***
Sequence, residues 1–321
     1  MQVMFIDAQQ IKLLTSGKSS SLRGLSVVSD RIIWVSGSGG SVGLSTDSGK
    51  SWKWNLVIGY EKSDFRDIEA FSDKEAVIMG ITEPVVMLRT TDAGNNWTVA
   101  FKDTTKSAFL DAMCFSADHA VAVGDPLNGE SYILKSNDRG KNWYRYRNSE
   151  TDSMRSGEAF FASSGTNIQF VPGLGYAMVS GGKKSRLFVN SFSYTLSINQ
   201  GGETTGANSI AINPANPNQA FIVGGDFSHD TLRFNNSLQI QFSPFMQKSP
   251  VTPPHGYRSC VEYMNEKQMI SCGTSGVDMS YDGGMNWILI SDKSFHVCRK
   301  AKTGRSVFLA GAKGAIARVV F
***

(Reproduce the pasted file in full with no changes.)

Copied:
Sequence, residues 1–321
     1  MQVMFIDAQQ IKLLTSGKSS SLRGLSVVSD RIIWVSGSGG SVGLSTDSGK
    51  SWKWNLVIGY EKSDFRDIEA FSDKEAVIMG ITEPVVMLRT TDAGNNWTVA
   101  FKDTTKSAFL DAMCFSADHA VAVGDPLNGE SYILKSNDRG KNWYRYRNSE
   151  TDSMRSGEAF FASSGTNIQF VPGLGYAMVS GGKKSRLFVN SFSYTLSINQ
   201  GGETTGANSI AINPANPNQA FIVGGDFSHD TLRFNNSLQI QFSPFMQKSP
   251  VTPPHGYRSC VEYMNEKQMI SCGTSGVDMS YDGGMNWILI SDKSFHVCRK
   301  AKTGRSVFLA GAKGAIARVV F